Vanderbilt fans were taken prisoner some time last week by Gus Malzahn. I'm not exactly sure when it happened (probably around Thursday when it was reported Vanderbilt made Malzahn an offer approaching $3 million dollars to coach the Commodores), but it did. In Vanderbilt fans' defense, we didn't know we were being held hostage Vanderbilt fans, we were just the stupid kid who got into a stranger's van because he offered us candy (remember that Diff'rent Strokes episode?). But make no mistake about it Commodore fans, we were held hostage.
Vanderbilt supporters were released Monday when Auburn announced they had reached an agreement to keep their offensive coordinator by raising his salary to $1.3 million dollars a year, as well as promising to read him a bedtime story whenever he had trouble sleeping. Yet for some reason, Vanderbilt fans seem to be identifying with their capture rather than directing their anger at him. This is known as Stockholm Syndrome. Wikipedia says (so it must be true): "In psychology, Stockholm syndrome is a term used to describe a paradoxical psychological phenomenon wherein hostages express adulation and have positive feelings towards their captors that appear irrational in light of the danger or risk endured by the victims, essentially mistaking a lack of abuse from their captors as an act of kindness." I get that the analogy isn't perfect (a fact Seamus has already pointed out to me, thank you very much), but I think it might be applicable here.
Commodore fans have spent the better part of the last two days bemoaning David Williams' efforts to land Malzahn as if there was more Vanderbilt could or should have done to woo him. All reports seem to indicate (although we've all become skeptical of "reports" these days) that Vanderbilt was willing to meet Malzahn's demands (salary, staff, facilities), and every time they'd meet them, he'd have another. This indicates to me, uninformed as I am, that Malzahn was never really coming to Vanderbilt; that he was looking for a reason not to take the job. In the end, he was probably hoping to use the Commodores either to leverage a better position from another school, or get Auburn to pony up to keep him. The "Gus, we'll do anything to get you," mantra seems a little misguided if for no other reason than we did everything we thought we had to do to get him, and it still wasn't enough. How fans can blame David Williams for Malzahn deciding he'd rather stay a coordinator than take on the challenge and responsibility of being the head coach is beyond me. It's also classic Stockholm Syndrome (if one were trying to apply a very serious condition to a sports scenario that, in the grand scheme of things, isn't that serious at all).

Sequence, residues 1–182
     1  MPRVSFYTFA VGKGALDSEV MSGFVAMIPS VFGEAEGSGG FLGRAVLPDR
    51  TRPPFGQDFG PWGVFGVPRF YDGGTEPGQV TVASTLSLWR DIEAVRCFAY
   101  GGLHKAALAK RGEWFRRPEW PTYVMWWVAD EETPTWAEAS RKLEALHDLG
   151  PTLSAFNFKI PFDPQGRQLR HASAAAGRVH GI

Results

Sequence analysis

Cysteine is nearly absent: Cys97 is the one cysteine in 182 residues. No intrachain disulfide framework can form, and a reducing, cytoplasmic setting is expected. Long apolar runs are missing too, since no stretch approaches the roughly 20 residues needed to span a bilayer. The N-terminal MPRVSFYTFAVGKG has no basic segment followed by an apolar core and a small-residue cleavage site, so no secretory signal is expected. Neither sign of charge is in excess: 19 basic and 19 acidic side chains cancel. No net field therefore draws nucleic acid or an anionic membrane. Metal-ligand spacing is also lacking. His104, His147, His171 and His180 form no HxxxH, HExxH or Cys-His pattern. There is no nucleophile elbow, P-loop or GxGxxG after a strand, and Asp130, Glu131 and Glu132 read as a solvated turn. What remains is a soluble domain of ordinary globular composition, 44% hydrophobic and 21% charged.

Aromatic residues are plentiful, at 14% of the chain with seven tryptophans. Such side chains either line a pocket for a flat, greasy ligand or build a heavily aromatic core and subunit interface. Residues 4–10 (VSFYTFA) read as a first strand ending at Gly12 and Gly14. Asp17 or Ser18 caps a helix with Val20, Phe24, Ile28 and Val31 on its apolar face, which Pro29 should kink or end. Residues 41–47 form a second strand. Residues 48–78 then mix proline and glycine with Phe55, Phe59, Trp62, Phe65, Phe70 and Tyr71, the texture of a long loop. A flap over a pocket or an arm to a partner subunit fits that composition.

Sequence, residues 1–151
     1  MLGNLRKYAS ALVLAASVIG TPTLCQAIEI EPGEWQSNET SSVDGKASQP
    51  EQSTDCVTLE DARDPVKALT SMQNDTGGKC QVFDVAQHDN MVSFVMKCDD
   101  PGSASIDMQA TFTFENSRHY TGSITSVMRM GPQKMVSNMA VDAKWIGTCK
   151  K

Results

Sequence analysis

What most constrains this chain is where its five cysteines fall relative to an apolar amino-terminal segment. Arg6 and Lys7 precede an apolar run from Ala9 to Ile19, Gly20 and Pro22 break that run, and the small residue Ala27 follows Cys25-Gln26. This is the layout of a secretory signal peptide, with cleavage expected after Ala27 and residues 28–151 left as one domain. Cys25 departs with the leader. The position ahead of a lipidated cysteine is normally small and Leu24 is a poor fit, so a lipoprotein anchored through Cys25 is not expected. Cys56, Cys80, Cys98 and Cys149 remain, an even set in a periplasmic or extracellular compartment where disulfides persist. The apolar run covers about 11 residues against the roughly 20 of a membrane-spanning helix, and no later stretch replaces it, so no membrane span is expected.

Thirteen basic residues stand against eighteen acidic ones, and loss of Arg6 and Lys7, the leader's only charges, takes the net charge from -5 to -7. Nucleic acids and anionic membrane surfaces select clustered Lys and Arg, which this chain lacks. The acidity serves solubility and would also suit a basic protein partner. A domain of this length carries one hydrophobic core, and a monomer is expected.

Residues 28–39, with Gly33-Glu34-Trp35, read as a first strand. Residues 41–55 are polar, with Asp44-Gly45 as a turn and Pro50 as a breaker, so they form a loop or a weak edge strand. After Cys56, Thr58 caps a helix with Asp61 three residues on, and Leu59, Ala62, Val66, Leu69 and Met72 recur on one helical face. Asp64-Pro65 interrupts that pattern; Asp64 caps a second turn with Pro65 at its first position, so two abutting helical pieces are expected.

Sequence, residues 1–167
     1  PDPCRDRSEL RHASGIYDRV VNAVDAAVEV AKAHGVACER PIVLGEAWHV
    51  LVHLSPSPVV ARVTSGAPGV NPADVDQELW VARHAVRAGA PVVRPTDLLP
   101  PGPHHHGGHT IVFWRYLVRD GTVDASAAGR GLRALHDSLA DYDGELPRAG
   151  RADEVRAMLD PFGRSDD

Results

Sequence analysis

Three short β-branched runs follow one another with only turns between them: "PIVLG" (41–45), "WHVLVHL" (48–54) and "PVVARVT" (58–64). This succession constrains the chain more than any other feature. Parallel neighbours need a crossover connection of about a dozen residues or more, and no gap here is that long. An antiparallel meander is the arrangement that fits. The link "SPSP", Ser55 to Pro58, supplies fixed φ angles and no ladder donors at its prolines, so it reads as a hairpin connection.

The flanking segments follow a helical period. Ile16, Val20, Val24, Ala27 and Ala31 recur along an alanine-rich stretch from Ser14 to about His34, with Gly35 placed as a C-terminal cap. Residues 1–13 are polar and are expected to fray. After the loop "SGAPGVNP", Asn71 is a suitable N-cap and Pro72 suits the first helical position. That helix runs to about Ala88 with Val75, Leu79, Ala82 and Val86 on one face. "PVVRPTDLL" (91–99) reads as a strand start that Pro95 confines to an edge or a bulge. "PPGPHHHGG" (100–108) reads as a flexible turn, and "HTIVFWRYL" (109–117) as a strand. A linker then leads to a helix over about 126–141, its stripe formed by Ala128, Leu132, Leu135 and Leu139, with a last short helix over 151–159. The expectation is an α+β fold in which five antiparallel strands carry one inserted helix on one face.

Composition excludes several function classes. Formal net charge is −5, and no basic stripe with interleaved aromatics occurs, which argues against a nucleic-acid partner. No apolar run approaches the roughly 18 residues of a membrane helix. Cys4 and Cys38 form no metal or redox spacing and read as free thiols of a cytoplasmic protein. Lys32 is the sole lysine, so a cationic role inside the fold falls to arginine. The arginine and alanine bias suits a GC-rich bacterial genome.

Now, Commodore fans are unhappy with the apparent #2 choice, Maryland Offensive Coordinator James Franklin, because well, I don't actually know why. Some have raised questions about his "readiness" or what he brings to the table. They question his success as an offensive coordinator at Maryland, doubt the recruiting prowess he is supposed to have, and claim that because his recruiting ties are limited to the Mid-Atlantic Region, they won't translate down South. Alternative names are thrown about like David Williams and the search committee missed someone a guy who happens to read a blog has heard of and thinks would be a "great hire." Maybe Franklin won't be successful, but I don't think we'll know that for some time. As I'm sure will be said many times on this site once a new hire is announced, Vanderbilt fans are going to have to be patient.
The idea of Vanderbilt hiring Malzahn was too much for Commodore fans to bear. We were so excited with the instant credibility, name recognition, and sex-appeal we thought he'd bring, that we lost site of what actually happened: he held us hostage. When Malzahn was done playing his game, he re-upped with Auburn, causing Commodore fans to be despondent , and Vanderbilt University to be held up to public ridicule yet again when it comes to football. Yet there are some who say we should have done more for Malzahn? That what happened with Gus was somehow David Williams or someone at Vanderbilt's fault? Patty Heart just emailed the VSL Newsroom and thinks you guys are off-base.